I recall playing pool in a pub in the 1990s. A challenge was accepted from a male and female couple. I got talking to the women, who explained that her boyfriend hit her on the odd occasion, but that it was OK because she deserved it. I did not agree; possibly a little too loudly, and possibly a little too sarcastically. I might have referred to her boyfriend as Maynard G. Krebs, the hippie character from the TV series, The Many Loves of Dobbie Gillis (who incidentally was fashioned on the hippie character, Shaggy, from Scooby Doo). The boyfriend had a little beard on his chin like Krebs. Long story short, Maynard, and his four friends, took exception to my conversation, characterisation, and comments - so a pool cue was introduced to my face, and then the four friends introduced themselves to me. Suffice it to say, I now know the 'eagle-claw' technique to the throat is really very effective.
My point is that the right to physically punishment in a relationship is a cultural issue as much as it is a legal issue. Violence is violence, and violence can be violence. If it's sanctioned in certain situations, then why not in those that are only slightly different.
According to the Australian Bureau of Statistics, one in three Australian women have experienced physical violence since the age of 15, and almost one in five have experienced sexual violence. ... In 2006-2007, 53% of female homicide victims in Australia had an intimate relationship with the offender.
Truly horrendous statistics. I have three adopted nieces, and these statistics are a call to action for me. Not only in discussing these issues with them to better prepare them, but also in my views on violence generally in society. For instance, in the case of the abovementioned Krebs incident, why were not the police involved. It was an assault, and we shouldn't tolerate assaults. We should not accept violence as a normal way of dealing with situations in our society.
Those who teach womens self defence courses; do you also teach your female students to actively teach their sons respect for women. Every male abuser is the son of some women. It's long been understood that mother's can have a significant influence on their sons. Surely we can extend the concept of womens self defence courses to much more than simply looking after ourselves. Maybe this might have the effect of further empowering the women undertaking the course.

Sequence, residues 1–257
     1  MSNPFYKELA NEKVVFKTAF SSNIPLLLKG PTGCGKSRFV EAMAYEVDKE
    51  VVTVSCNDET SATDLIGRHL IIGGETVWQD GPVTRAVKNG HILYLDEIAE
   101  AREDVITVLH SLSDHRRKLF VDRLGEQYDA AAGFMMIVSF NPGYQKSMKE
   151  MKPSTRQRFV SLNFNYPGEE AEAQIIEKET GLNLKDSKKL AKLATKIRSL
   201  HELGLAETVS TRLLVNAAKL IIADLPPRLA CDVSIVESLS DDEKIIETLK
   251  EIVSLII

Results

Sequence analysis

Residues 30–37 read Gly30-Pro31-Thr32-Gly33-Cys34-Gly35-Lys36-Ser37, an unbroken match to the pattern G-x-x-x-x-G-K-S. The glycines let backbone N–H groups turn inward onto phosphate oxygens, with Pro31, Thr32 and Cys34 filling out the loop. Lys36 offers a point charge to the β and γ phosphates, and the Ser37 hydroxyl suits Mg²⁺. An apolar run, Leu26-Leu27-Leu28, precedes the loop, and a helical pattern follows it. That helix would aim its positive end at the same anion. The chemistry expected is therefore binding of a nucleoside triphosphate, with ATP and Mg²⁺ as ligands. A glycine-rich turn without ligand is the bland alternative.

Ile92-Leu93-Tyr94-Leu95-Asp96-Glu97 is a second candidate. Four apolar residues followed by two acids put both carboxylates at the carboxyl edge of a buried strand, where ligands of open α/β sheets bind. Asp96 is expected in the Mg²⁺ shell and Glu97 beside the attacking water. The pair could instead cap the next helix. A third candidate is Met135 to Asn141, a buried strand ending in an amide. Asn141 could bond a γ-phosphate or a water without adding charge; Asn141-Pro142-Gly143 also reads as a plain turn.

The paper identifies 'vulnerable groups': indigenous women and girls, women living in remote communities, women from culturally and linguistically diverse backgrounds, women 45 years and older, women with a physical or intellectual disability, and gay, lesbian, bisexual, transgender, and intersex communities. Bollocks!
Any women can find themselves in an abusive relationship. My friend has told me of a lot of women who have approached her after she publicly admitted she was in an abusive relationship and that she got out of it. The women who have approached her are in an abusive relationship - none of them fit into the aforementioned vulnerable groups. And its scary how many there are.
There was an article in The Age about a 'successful professional businesswomen,' Pamela, who now shares her experiences of being in an abusive relationship.
Not being considered 'vulnerable' can in itself create additional pressures.
'I couldn't tell anyone, I was so ashamed and embarrassed that I was this smart, sophisticated professional woman who was putting up with this bullshit at home,'' she says.This was the exact same comment I heard from my friend. One of the frustrating things I've found is that the abusive experiences and effects are so common place and written about over and over again, they become cliches. But for those who prefer to become informed rather than rely on their own biased, often self serving albeit well intentioned, opinion, there is a lot of information available that can truly help.